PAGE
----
Carol Bailey, the assistant director of nursing at Collinsville Nursing Home, also testified. Gladys was admitted to the nursing home on January 27, 1992, and she stayed there until January 1993. Bailey stated that she cared for Gladys for a while after Gladys was first admitted, and that Gladys was generally confused and disoriented. She stated that Gladys was unable to tell the nurses what she needed, and that although she saw Gladys on a daily basis, Gladys failed to recognize her at times.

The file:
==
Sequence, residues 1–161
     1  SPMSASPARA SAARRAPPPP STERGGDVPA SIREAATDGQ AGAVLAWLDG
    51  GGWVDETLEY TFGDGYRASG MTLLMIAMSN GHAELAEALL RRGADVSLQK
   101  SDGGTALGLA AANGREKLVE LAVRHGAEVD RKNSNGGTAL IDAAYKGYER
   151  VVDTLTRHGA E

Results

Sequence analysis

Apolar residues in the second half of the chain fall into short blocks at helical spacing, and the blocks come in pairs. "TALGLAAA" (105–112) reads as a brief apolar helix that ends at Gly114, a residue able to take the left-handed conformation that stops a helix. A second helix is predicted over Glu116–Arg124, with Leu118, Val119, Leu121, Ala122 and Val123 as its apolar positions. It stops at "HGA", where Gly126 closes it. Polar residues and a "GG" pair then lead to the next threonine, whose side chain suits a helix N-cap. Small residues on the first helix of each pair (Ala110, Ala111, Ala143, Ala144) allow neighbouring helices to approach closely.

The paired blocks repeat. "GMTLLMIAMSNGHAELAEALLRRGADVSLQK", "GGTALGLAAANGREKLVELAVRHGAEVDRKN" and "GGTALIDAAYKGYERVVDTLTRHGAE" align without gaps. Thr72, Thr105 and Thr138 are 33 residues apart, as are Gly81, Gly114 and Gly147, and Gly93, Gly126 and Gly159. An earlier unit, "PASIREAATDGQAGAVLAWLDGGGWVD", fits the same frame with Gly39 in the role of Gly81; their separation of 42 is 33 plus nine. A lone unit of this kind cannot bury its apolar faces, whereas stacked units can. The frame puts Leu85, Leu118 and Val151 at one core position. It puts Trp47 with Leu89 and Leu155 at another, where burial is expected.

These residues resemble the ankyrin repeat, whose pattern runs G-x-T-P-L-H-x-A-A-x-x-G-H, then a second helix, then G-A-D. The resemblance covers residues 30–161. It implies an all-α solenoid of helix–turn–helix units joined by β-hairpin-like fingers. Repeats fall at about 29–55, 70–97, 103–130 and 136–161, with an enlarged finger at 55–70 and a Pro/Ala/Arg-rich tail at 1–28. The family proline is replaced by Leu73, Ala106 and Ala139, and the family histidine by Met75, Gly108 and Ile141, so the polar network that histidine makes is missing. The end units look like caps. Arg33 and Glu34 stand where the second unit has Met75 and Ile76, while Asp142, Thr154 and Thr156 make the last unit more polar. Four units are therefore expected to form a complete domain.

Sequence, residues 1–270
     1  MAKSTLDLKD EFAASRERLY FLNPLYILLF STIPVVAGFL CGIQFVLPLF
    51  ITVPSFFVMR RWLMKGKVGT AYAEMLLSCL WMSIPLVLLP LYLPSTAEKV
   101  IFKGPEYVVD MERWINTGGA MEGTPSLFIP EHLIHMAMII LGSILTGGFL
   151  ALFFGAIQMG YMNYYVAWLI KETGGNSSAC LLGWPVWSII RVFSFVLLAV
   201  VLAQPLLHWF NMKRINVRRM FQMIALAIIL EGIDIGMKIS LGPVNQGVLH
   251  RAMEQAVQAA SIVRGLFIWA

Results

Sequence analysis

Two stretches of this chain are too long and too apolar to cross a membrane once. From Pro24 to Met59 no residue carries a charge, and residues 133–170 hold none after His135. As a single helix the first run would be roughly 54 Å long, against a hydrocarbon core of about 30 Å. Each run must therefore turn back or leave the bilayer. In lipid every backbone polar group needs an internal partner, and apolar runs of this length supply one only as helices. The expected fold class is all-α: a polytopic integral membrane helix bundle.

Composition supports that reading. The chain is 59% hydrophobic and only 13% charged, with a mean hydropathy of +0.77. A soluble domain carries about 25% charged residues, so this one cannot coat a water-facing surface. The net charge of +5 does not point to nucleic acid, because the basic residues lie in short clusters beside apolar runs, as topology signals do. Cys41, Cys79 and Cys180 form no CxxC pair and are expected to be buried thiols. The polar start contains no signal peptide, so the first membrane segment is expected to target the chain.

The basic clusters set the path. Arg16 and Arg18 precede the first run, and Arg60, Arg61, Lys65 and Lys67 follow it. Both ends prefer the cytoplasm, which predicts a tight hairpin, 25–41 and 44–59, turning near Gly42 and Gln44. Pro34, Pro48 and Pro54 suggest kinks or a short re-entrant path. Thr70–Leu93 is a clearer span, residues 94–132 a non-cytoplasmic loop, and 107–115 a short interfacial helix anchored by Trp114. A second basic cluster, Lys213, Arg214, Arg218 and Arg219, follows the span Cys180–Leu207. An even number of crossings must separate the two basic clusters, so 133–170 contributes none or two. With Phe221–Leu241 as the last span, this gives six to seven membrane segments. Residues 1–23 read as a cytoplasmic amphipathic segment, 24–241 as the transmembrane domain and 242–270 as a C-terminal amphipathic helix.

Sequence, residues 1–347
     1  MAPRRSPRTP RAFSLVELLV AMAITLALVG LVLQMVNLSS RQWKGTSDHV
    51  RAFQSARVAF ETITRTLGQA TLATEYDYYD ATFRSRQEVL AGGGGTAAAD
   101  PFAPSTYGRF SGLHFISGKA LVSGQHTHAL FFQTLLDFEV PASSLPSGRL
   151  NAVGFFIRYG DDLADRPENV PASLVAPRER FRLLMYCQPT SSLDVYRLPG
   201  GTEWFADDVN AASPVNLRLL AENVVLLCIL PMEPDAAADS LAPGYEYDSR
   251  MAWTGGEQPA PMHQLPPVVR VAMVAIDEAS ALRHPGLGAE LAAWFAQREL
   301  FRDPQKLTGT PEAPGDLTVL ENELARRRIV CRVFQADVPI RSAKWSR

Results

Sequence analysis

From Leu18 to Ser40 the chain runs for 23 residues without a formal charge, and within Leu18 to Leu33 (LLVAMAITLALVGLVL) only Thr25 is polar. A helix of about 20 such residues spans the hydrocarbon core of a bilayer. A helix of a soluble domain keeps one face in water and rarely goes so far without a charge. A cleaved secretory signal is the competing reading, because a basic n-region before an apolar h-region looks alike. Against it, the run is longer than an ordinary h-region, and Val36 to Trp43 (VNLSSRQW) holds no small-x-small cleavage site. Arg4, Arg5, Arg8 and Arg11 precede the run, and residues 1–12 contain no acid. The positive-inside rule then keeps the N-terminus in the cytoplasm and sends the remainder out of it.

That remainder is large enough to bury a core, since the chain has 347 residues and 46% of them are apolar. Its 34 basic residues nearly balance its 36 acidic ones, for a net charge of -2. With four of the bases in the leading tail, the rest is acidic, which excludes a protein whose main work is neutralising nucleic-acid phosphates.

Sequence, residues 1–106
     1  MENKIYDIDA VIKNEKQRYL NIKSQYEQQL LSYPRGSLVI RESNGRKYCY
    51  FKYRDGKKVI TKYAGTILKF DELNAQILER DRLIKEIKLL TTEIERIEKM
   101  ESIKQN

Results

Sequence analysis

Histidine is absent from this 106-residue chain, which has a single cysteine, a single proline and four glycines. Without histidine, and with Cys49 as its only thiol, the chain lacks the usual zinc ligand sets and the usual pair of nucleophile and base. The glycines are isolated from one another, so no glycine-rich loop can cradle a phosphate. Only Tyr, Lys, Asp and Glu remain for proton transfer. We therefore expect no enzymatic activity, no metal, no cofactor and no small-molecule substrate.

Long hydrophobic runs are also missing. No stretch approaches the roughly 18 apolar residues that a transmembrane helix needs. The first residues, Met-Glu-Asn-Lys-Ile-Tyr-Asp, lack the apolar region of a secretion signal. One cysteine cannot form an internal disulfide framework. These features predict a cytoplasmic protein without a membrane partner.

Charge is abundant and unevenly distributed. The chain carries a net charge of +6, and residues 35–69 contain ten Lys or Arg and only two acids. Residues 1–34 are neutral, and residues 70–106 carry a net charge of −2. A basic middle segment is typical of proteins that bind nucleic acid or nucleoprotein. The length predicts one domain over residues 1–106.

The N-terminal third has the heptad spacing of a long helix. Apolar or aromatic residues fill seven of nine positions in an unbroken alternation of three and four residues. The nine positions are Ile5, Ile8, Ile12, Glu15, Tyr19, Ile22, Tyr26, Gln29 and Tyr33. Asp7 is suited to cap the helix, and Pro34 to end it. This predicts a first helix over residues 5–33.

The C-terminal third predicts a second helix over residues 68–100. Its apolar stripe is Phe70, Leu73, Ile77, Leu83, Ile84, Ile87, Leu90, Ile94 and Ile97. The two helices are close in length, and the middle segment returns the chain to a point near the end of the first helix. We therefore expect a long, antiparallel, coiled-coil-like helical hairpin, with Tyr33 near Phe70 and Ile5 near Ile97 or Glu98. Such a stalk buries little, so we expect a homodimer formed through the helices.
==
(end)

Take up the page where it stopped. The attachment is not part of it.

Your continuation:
Donna Davis, an LPN at the nursing home, also testified that she observed Gladys on a daily basis during her stay in the nursing home. She described Gladys as "alert, but confused," and said that Gladys "talked, but . . . wouldn't have really any content to what she was saying." She stated that Gladys was often unable to respond appropriately to questions. She testified that she never saw any improvement in Gladys's condition. Furthermore, the nursing home records that were presented to the trial court contain numerous notations indicating that Gladys was often easily agitated and disoriented, that she would wander aimlessly, often going into other patients' rooms and disturbing them and their personal belongings, and that she talked incessantly, but that her speech was usually incoherent or irrelevant. There were notations indicating that she was even violent toward other nursing home patients at times, that she was confused regarding contact with her relatives, and that she believed that some of the nursing home staff were her family members.